Prince Harry has made an eleventh-hour attempt to tone down parts of his forthcoming memoir because he fears being vilified in the wake of Queen Elizabeth’s death, according to reports.
Harry is worried some of the revelations in his book “might not look so good” following the public outpouring of support for the British monarchy, both at home and abroad, it is claimed.
The book, part of a three-title deal worth £36.8m (€40m), is due to be published this autumn, but Harry is said to be worried it is ill-timed, as his father begins his reign.
He reportedly wants to make “refinements” to the manuscript, which has been signed off by publishers Penguin Random House. But industry sources believe it might be too late.
A source told The Sun on Sunday and The Mail on Sunday: “Harry has thrown a spanner in the works as he is desperate to get it refined in the light of the queen’s death... It’s not a total rewrite by any means. He desperately wants to make changes. But it might be too late.”
Before Harry and his wife Meghan stood down from royal duties, royal household staff tried to find a compromise in which they could carry on part-time, only for the late queen to veto the idea, according to Valentine Low, author of Courtiers: The Hidden Power Behind the Crown.
Harry’s grandmother insisted that if the couple were not prepared to abide by the rules that restrict all working members of the royal family they could not carry out any duties at all.
Meanwhile, Buckingham Palace has moved to protect King Charles’s reputation as Netflix prepares to dramatise the “all-out war” of his marriage to Diana, Princess of Wales, in a new series of The Crown.
The divorce of the then Prince and Princess of Wales will be the main plot of the 10-episode series, which airs on November 9. A trailer released at the weekend shows Charles, played by Dominic West, and Diana, played by Elizabeth Debicki, preparing for TV interviews about their relationship.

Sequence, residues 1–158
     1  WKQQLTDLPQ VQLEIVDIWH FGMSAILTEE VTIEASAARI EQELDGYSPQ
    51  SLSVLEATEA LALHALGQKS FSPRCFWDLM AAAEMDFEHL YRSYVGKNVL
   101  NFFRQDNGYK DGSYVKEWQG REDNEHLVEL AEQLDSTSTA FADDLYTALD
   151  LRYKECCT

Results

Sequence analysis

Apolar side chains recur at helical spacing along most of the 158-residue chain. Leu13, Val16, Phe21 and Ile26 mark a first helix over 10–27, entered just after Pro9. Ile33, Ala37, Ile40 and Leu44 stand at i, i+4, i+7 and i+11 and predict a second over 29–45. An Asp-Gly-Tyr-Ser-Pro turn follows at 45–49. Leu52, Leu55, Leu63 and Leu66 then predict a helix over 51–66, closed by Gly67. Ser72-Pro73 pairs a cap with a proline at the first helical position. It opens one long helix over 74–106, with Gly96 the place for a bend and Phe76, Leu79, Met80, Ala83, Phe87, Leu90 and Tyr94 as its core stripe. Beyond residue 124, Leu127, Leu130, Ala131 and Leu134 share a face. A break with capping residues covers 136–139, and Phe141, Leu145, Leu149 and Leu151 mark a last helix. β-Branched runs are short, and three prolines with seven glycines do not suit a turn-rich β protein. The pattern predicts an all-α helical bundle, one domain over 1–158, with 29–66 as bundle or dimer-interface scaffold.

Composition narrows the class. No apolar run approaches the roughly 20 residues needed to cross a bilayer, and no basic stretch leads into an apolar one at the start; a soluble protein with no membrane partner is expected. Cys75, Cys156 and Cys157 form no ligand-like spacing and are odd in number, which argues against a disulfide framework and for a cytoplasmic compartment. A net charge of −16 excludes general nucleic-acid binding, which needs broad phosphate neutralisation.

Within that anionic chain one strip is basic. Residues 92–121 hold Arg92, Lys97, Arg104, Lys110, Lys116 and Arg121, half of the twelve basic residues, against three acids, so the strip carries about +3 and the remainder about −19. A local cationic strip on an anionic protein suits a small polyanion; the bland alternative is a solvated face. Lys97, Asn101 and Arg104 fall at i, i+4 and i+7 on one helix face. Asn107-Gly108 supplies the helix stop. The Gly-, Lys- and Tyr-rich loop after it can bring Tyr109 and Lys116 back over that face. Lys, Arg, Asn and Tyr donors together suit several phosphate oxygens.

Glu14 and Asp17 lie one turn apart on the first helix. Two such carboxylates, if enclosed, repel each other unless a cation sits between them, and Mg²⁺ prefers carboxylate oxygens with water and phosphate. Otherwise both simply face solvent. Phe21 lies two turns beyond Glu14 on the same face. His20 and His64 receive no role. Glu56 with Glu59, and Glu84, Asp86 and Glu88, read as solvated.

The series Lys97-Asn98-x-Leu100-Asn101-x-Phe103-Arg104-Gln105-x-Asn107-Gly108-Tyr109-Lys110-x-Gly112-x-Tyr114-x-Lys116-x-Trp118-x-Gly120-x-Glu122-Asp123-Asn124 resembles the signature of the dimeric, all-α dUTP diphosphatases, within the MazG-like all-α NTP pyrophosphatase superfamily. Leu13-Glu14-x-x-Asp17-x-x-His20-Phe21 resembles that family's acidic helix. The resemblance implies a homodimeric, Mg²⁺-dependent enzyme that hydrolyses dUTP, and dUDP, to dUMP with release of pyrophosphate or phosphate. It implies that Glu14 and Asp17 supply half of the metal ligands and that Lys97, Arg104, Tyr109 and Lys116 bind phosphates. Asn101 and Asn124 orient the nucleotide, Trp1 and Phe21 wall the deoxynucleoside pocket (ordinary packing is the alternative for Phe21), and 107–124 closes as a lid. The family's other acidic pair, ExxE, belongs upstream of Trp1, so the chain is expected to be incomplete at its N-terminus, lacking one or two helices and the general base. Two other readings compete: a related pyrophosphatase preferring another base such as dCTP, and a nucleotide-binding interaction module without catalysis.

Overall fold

The timing of its release could not have been worse for the king, whose popularity has surged since he became monarch.
Last night, a senior royal source stressed that The Crown is “a drama, not a documentary” in the first sign of a push back against what will be uncomfortable viewing for the palace.
Netflix decided not to delay the release of the fifth series, despite the death of Elizabeth, whose “annus horribilis” in 1992 will be covered by the episodes. It was the year in which Windsor Castle partly burnt down, Prince Charles and Prince Andrew separated from their wives and the princess royal divorced Mark Phillips.
A Netflix spokesman said the series had been completed before the late queen’s death and no changes to it had been made.
The series will cover the events of the 1990s, beginning with the start of John Major’s premiership and ending with Tony Blair’s election as his successor.
Charles’s interview with Jonathan Dimbleby, in which he admitted committing adultery, and Diana’s infamous Panorama interview will both be dramatised. The death of Diana will be covered in the sixth series.
A friend of the King described the drama as “exploitative” and said Netflix would have “no qualms about mangling people’s reputations”.
Charles has not watched The Crown or passed comment on it, but his wife Camilla watches it and made light of her portrayal by inviting Emerald Fennell, who plays her on screen, to an International Women’s Day reception at Clarence House earlier this year.
Royal aides believe Charles and Camilla will be better able to counter their portrayal in The Crown now that they have higher-profile roles.
One well-placed source said: “You will see the king and the queen consort on state business in the UK and abroad and people will have more of an opportunity to compare the real people with the fiction they see in The Crown.
“In the past, they didn’t get so much coverage, so in that sense, it was harder for people to be able to compare and contrast the drama with the reality.”
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